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Introduction to Matt's Chicago Website

I can't begin to count the times when some charactor has come up to me on the street in Athens and asked where I was from and upon hearing that I was from the USA told me about his cousin or brother or uncle in Chicago. I thought to myself that this must be some kind of scam. All these people can't have a relative in Chicago unless they are all related and talking about the same person. Maybe Chicago is the only place they know in America. Maybe it is because I tell them I am from New York and so they say they have a relative in Chicago and if I said I was from Chicago they would say they have a relative in New York just so as not to take the chance that I will know the name of the non-existant person and we get into a whole conversation about him when actually the guy does not know anyone in Chicago, he just wants me to go to his bar so I will buy champagne for some hot Ukranian girl and be forced to pay 150 euros or have the shit kicked out of me. Anyway it became kind of a joke to us Greek-Americans living in Athens.
"You are American! I have a brother in America!"
"Yes, we know. Chicago."
"How did you know this?"
Being high school students who think they know everything it never occurred to us that maybe there were a whole lot of Greeks in Chicago and people were actually telling us the truth and not just trying to get something from us. We did have a few Greek-American friends from Chicago. Greg Fotos who's nickname was 'Gangi', or Theo Harduvel and Dean Mouzakiotis, but none of them ever hinted at Chicago being a Greek town. Maybe we never asked.

It was not until the summer of 2010 when I became aware of the construction of the Greek-American Museum in Chicago that I came to the realization that maybe there was a place in America that was full of Greeks, who were not on strike, who were not demonstrating because the EU was not letting them retire at 57 and they would no longer be getting paid for 14 months of work while only doing about three. Maybe a place where Greeks didn't hang out all day in coffee shops complaining, but instead were out working to make things better for themselves and their community. Maybe there was a place where Greek youth got jobs and worked hard or studied in universities that were not asylums for junkies and anarchists, and went on to become leaders. Maybe there was a place where Greeks were proud of their heritage and did not have the inferiority complex that makes Athenians put down anyone who is not an Athenian or 100% Greek. OK but even if Chicago has all this what about the Aegean sea? You can complain all you like about the modern Athenians but the islands and the sea enable you to put up with a lot of frustration and abuse and Chicago does not have the sea. Or does it?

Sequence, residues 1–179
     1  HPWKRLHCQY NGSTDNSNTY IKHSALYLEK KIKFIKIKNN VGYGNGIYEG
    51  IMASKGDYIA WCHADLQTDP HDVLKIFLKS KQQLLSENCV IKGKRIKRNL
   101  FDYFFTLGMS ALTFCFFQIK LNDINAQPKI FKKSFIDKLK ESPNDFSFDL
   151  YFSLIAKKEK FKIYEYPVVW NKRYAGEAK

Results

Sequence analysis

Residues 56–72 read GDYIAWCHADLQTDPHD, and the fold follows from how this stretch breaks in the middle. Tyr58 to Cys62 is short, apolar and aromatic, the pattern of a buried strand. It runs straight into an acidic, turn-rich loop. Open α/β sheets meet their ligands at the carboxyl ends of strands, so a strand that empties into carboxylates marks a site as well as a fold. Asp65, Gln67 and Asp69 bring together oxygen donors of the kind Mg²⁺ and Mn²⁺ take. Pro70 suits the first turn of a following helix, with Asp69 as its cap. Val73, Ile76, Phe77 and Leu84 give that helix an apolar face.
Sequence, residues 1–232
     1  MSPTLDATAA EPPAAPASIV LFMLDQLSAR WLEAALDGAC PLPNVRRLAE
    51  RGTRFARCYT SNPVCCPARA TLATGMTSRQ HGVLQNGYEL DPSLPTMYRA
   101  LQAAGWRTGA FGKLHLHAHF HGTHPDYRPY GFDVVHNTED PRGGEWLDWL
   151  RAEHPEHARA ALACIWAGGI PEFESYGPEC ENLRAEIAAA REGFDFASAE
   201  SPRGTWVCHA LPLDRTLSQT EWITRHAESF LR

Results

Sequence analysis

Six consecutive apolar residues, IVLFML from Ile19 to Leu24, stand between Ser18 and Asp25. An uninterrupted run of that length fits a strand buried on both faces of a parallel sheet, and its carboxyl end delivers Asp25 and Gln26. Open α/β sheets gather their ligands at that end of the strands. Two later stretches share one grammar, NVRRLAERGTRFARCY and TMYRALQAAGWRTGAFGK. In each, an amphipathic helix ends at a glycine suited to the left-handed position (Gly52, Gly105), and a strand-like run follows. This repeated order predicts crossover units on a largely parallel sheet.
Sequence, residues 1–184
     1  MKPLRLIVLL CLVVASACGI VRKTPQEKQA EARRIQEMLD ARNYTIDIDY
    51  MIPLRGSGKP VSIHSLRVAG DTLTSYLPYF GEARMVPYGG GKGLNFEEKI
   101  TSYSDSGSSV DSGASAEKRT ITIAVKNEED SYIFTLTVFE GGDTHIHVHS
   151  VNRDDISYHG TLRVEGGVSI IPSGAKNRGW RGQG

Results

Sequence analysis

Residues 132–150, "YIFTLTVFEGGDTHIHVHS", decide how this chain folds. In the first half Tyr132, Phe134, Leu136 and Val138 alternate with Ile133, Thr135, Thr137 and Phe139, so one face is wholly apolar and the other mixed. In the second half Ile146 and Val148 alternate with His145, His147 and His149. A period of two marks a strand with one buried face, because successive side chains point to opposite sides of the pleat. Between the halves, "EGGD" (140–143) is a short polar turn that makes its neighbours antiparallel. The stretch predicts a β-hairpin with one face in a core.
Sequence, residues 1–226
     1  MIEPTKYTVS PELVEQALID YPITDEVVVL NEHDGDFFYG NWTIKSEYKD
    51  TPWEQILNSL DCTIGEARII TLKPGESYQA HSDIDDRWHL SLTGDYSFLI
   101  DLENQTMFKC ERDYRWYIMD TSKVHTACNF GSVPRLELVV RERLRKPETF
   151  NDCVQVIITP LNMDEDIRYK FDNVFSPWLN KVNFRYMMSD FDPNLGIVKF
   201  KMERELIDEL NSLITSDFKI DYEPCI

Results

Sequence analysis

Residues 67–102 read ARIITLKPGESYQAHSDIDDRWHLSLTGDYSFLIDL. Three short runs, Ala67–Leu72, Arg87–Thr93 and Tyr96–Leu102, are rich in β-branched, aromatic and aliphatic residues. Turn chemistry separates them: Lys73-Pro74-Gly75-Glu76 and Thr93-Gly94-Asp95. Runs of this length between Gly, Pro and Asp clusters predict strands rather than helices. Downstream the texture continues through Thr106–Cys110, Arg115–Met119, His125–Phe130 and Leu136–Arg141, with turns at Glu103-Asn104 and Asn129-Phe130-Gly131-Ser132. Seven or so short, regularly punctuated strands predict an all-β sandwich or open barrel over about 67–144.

There is a theory about Greek immigration, that the best, the brightest and the bravest left the country for foreign shores to work hard and send money back to the family. During the years when Greece was an impoverished country it was kept afloat by those who came to America, or Canada or Australia. Those left behind were those who already had jobs, were wealthy, had political and family connections and a handful that knew how to survive in any conditions whether it was by intelligence or ruthlessness along with those who just stayed because they had no desire to leave and nowhere to go to. It may be for this reason that Greece is an impovrished and corrupt country while the Greeks in the USA have become successful through hard work and education (with the exception of those guys in The Wire.) OK. I am generalizing. Not all Greeks in the US are honest and hard working and they don't all go to the best colleges and graduate at the top of their class. But the fact is that the Greeks who came to America were enterprising and worked hard to build a better life for their families. Sure there were some who failed, some who returned to Greece after a year or two of struggle because to them living away from Greece was like being in exile. But those who stayed created generation after generation of Greek-Americans, many who have lost that thread that would eventually lead them back to their homeland when it was time to retire. These are the Greeks who realize that Greece is not just a place, it is a state of mind, a community, and it does not matter if you are in Athens, Chania, Astoria, Tarpon Springs, Melbourne, Toronto or Chicago.

So after a summer in Greece I spent a few days in my hot and muggy town of Carrboro, North Carolina before taking a one hour flight to Chicago to see what kind of world the Greeks had created in the windy city.

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